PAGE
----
Exhibit shows photos by survivors of Sewol

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Exhibit shows photos by survivors of Sewol

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A photo taken by teen Shourouq at Za’atari refugee camp for Syrians in Jordan. Provided by the organization

Nearly 10 months have passed since the Sewol ferry sank off the southwestern coast of Korea, killing more than 300 people - most of them students from Danwon High School in Ansan, Gyeonggi.

And while the disaster and the intense media attention that followed have left a lasting impact on the school, a semblance of hope can be seen in a photography exhibit featuring work by a selection of Danwon students.

“Seoul Meets Za’atari” includes some 80 photographs taken by 11 members of the school and 13 Syrian refugees from the Za’atari camp in Jordan.

The show is the result of an exchange project organized by international charity Save The Children. It was suggested by French photographer Agnes Montanari, who was teaching photography to Syrian refugees as part of the organization’s Healing and Education Through the Art program.

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An image by Park Do-yeon from Danwon High School of the handmade bracelets she and her friends made themselves.Provided by the organization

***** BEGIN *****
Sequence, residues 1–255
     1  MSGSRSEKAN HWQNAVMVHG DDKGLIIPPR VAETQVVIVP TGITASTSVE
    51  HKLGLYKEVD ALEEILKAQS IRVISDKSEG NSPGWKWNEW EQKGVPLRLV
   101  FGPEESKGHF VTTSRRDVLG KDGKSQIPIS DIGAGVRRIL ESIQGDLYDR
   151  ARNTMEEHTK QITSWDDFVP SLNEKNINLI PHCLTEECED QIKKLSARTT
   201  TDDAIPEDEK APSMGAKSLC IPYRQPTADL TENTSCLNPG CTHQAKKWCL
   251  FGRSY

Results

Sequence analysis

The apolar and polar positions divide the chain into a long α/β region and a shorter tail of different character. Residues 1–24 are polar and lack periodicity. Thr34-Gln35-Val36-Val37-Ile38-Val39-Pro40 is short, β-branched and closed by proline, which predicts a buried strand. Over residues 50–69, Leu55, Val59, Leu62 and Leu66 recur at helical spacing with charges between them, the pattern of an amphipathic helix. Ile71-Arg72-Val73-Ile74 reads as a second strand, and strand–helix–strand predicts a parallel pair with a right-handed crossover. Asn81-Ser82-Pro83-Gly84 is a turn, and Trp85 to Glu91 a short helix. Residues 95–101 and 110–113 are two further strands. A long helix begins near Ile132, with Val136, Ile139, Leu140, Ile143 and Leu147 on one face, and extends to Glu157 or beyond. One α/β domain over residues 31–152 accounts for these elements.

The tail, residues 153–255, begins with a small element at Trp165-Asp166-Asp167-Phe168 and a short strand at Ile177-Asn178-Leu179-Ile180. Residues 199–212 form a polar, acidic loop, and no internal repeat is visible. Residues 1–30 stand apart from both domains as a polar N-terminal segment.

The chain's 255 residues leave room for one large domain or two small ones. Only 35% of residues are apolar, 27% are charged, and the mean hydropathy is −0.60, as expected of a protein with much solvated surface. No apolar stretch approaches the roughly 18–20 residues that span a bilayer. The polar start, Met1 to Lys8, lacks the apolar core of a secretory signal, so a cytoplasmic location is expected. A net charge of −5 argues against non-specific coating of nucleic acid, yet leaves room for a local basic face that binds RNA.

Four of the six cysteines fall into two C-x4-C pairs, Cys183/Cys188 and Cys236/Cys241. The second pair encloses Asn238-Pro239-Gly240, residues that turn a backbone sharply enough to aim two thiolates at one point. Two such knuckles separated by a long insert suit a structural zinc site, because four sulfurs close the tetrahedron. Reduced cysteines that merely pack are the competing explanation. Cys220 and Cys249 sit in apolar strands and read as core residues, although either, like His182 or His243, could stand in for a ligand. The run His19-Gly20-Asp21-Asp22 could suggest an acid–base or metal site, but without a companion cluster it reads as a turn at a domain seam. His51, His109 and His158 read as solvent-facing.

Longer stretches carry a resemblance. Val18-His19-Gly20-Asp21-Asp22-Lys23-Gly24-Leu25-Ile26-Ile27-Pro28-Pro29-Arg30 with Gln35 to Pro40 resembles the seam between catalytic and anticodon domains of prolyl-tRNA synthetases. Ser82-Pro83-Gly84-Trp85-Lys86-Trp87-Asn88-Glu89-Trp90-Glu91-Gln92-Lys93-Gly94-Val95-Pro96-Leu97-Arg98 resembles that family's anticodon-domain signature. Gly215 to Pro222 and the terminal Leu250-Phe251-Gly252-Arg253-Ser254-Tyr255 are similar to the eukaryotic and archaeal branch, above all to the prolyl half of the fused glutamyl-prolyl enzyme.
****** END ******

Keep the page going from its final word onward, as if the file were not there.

“We hoped for [the participants] to regain their everyday lives by making a hobby and interacting with friends that are in their age group,” said Kim Seung-jin, a director of communication at the organization. “The concept of making friends abroad attracted their attention.”

She added that the young people from both countries exchanged photos and posted comments and questions on the program’s blog.

For the project, the participants were asked to take a photo using film cameras of the things they value most in their lives.

In preparation for the show, photojournalist Kwak Yoon-sup from the Korean daily newspaper Hankyoreh has voluntarily taught photography to the 11 Danwon students - nine of whom were on the Sewol - since last August.

Friendship was among the most popular themes for the Danwon students, who shot handicrafts, buildings and paths they shared with friends. The yellow ribbons that symbolize support for the Sewol’s victims can also be spotted in the images, while sadness and longing are prevalent.

“The program had an apparent healing effect for the Danwon High School students,” said Shin Eun-jeong, the assistant manager of the organization’s PR team who overlooked the program from the beginning.

“These students were very awkward and timid at first. So when taking photos, they distanced themselves from the objects, only taking photos of a classroom or the facade of a school. But by learning how to express themselves through photography, they were able to communicate through their work.”

Written pieces by the participants on display at the exhibition show a glimmer of hope.

“I don’t know if I will have the opportunity to hold discussions with people and take pictures in the future. In preparing for this exhibition, I was so thankful for the opportunity to think about the thing I value most in my life and to meet other people. It was really nice,” one of the Korean students wrote anonymously.

The exhibition is being held in 57th Gallery in Jongno District, central Seoul. It runs through Feb. 18. Admission is free. Opening hours are from 11 a.m. to 7 p.m. every day.

BY JIN EUN-SOO [jes@joongang.co.kr]


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